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Using Option Collars to Reduce Risk

BLOG, EDUCATION  |  13 Jul 2010

Many people think of stock options as a risky investment strategy used mostly by highfalutin Wall Street types with millions to burn. While it’s certainly true that you can get yourself into trouble with an ill-advised option position, options can also be used to effectively reduce portfolio risk. One option strategy that can do this is called “collaring”.

Collaring uses options to greatly reduce the risk inherent in a stock position by putting a limit on the possible losses, with the trade off of limiting the upside. The most basic use of an option to reduce downside risk in your portfolio is the purchase of a Put. When you buy a Put, you are buying the right, but not the obligation, to sell your stock at a certain price.

First, a couple of definitions:

Put Option -A Put option gives the owner of the Put the right, but not the obligation to sell stock at a certain price by a certain date. A single Put option contract covers 100 shares of the underlying stock

Call Option -A Call option gives the owner of the Call, the right, but not the obligation to purchase stock at a certain price by a certain date. The person who sold the Call is obligated to sell his stock at the strike price of the option if the Call owner exercises his right to do so. Like a Put option contract, a call option contract covers 100 shares of the underlying stock.

Strike Price – The strike price is the price noted on the option that dictates whether the owner of the option is able to exercise his rights.


You own 1,300 shares of Amgen (AMGN) that has a current value of $55.50 a share, thus your holding is worth $72,150 currently.

One of your primary concerns is capital preservation, so you’d like to protect your portfolio against a big drop in the value of your AMGN stock. You’ve decided that you’re not comfortable with the thought of that stock dropping much below $50 a share. Let’s assume that right now that it’s May. You learn that there are Puts available for AMGN. Some of the put options available are the October $50 Puts. Purchasing these puts would give you the right to sell your AMGN stock at $50 a share between now and the date the put expires in October in the event that the market price of AMGN is below $50/sh. So you go ahead purchase 13 put contracts for $177.00 each or a total cost of $2301.00. [$1.77 (cost per share) x 100 (number of shares per contract) x 13 (number of contracts purchased) = $2,301]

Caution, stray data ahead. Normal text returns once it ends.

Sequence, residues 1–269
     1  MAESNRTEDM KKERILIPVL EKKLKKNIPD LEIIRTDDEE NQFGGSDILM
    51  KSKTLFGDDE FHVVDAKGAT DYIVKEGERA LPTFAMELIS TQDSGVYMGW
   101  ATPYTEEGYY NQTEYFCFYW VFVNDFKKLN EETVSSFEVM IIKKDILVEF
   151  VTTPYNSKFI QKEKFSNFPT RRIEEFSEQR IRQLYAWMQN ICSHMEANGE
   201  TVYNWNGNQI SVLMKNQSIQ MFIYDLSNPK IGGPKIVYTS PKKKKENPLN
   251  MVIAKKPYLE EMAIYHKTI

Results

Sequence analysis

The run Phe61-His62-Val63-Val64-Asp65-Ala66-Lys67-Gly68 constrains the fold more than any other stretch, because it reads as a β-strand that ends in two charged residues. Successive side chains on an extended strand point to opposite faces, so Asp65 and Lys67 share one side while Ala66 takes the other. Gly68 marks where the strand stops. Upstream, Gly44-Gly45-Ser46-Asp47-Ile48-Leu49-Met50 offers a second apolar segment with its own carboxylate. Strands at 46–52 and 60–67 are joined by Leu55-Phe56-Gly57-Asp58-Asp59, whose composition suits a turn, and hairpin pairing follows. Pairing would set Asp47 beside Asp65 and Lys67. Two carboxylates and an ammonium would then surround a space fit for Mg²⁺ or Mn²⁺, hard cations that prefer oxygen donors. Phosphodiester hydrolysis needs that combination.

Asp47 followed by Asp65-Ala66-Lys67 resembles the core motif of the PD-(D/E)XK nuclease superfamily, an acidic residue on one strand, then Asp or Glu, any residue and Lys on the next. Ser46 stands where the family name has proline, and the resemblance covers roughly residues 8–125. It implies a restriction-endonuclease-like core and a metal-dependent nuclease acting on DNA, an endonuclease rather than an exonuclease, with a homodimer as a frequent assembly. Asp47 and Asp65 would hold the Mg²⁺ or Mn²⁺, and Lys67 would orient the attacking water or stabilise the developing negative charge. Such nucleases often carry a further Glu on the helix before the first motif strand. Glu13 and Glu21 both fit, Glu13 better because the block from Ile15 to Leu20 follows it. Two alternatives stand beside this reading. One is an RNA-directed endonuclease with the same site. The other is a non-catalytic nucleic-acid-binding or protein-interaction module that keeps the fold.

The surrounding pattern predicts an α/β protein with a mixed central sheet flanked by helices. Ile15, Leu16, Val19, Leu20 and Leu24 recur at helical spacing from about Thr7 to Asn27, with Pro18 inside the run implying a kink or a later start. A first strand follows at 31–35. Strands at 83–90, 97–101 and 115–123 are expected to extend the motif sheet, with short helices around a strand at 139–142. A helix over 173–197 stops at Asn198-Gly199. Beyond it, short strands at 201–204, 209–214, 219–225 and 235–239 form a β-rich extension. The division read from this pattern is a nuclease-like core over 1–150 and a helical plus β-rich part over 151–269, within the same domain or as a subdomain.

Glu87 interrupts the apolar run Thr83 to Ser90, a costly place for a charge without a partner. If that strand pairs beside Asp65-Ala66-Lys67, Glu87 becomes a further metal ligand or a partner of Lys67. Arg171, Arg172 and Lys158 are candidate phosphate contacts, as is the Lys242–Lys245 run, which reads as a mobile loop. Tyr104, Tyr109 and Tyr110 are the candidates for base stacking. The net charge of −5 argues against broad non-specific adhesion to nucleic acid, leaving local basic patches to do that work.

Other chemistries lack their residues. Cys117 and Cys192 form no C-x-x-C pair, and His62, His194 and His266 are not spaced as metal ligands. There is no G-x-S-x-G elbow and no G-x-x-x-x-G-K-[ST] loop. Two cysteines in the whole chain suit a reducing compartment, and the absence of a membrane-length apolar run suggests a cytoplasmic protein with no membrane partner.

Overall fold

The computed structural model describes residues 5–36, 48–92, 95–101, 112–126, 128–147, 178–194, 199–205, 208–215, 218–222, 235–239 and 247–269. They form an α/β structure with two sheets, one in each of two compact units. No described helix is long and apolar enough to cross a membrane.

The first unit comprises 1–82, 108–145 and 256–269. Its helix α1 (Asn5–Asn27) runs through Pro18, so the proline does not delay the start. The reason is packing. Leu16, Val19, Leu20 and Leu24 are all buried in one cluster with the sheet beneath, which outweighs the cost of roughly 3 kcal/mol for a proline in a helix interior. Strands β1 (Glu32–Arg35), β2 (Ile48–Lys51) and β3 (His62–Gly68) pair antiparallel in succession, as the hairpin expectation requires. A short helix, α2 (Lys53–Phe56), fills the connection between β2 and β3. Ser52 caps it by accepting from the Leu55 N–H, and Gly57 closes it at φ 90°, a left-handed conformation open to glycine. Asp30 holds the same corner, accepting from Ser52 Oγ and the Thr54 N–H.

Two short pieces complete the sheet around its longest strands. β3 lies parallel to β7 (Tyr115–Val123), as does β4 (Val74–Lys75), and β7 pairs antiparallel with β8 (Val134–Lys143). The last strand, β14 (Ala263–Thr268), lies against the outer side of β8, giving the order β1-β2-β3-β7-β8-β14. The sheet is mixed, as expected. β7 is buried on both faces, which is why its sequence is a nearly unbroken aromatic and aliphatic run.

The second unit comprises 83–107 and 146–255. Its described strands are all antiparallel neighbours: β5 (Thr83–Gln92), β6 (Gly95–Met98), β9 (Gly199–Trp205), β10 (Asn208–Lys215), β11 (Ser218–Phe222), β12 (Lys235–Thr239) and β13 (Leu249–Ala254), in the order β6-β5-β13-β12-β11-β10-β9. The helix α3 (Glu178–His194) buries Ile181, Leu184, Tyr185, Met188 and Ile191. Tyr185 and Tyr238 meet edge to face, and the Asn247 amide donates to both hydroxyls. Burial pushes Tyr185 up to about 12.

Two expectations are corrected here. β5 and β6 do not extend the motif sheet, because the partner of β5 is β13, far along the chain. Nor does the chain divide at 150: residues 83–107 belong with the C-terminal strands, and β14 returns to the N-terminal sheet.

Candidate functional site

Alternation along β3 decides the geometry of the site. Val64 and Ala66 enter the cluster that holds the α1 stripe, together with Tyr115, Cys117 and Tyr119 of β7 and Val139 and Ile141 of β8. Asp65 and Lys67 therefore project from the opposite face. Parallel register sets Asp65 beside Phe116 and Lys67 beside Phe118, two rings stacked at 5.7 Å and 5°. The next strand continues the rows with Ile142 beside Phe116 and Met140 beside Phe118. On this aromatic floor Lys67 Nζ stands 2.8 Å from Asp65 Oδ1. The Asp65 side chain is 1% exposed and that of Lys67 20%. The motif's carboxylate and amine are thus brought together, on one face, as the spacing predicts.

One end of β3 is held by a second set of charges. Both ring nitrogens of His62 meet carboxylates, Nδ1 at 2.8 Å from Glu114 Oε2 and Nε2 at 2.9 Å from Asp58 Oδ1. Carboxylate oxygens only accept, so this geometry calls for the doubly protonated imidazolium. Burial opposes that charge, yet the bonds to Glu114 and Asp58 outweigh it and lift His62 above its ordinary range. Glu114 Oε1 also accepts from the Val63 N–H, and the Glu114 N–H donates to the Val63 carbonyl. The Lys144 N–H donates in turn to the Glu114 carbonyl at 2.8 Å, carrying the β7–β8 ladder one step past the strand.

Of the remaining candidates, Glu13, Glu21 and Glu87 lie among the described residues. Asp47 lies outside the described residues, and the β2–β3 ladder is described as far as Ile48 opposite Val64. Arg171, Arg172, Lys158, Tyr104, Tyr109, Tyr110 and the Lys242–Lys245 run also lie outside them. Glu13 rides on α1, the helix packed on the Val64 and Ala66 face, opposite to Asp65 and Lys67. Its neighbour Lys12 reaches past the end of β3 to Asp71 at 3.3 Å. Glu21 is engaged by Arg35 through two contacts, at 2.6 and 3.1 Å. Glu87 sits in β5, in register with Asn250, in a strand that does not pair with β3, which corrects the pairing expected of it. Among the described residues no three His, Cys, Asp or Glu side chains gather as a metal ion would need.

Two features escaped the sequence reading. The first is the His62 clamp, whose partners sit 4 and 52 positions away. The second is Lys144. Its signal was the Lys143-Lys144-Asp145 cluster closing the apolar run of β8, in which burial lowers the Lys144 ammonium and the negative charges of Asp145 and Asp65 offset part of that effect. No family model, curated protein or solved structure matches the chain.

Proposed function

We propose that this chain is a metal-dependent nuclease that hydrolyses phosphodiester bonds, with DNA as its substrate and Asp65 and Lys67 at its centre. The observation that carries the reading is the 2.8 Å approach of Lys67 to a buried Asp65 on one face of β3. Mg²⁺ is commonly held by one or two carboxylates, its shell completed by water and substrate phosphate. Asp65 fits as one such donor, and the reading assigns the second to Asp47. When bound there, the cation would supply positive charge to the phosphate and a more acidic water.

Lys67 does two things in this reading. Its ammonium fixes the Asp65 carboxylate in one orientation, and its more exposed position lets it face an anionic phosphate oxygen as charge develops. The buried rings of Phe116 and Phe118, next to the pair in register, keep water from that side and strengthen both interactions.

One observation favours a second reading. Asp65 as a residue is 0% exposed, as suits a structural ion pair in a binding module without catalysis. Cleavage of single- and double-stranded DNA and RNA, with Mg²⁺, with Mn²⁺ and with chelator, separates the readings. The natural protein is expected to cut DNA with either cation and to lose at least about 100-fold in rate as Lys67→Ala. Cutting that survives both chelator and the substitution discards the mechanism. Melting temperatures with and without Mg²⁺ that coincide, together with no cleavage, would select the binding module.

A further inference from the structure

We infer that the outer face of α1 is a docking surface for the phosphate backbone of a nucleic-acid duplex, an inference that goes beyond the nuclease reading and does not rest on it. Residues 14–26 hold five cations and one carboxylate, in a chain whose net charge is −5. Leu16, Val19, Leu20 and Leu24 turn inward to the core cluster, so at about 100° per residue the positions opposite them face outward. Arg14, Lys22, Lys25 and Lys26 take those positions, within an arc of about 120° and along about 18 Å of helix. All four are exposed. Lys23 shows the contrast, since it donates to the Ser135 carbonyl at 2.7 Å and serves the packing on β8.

Now that you have purchased these Put options, you not only have the right to sell AMGN for $50 between now and October, you also have the right to sell the Put options themselves. If the price of AMGN stock goes down, the value of your Puts goes up. If the value of AMGN drops between now and October, the value of each Put option will increase by about a $1 for each dollar below $50. Thus, if we are near the third Friday in October (options expire on the third Friday of the month), and the value of AMGN is $40, each Put option price should be near $10 per share, causing the value of your puts to increase to $13,000. [$10 x 100 (number of shares per contract) x 13 (number of contracts) = $13,000] Now you have a choice to either exercise the option and sell the stock at $50 a share, ($50 x 1,300 = $65,000) or keep the stock and sell the options for $13,000, which offsets your loss on the stock below $50 a share.

By just owning Puts, your upside is still unlimited, but your downside is limited .One drawback of this strategy is that Put contracts come at a cost. These costs can add up over time and hurt portfolio returns. However, there is a way to offset the cost of the “put” insurance. This can be accomplished by selling Calls on the AMGN stock. Selling Calls generates income which can be used to pay for the Puts. This is what is meant by the term collaring, which is simply the practice of buying Puts and selling Calls on the same stock. Here is an example: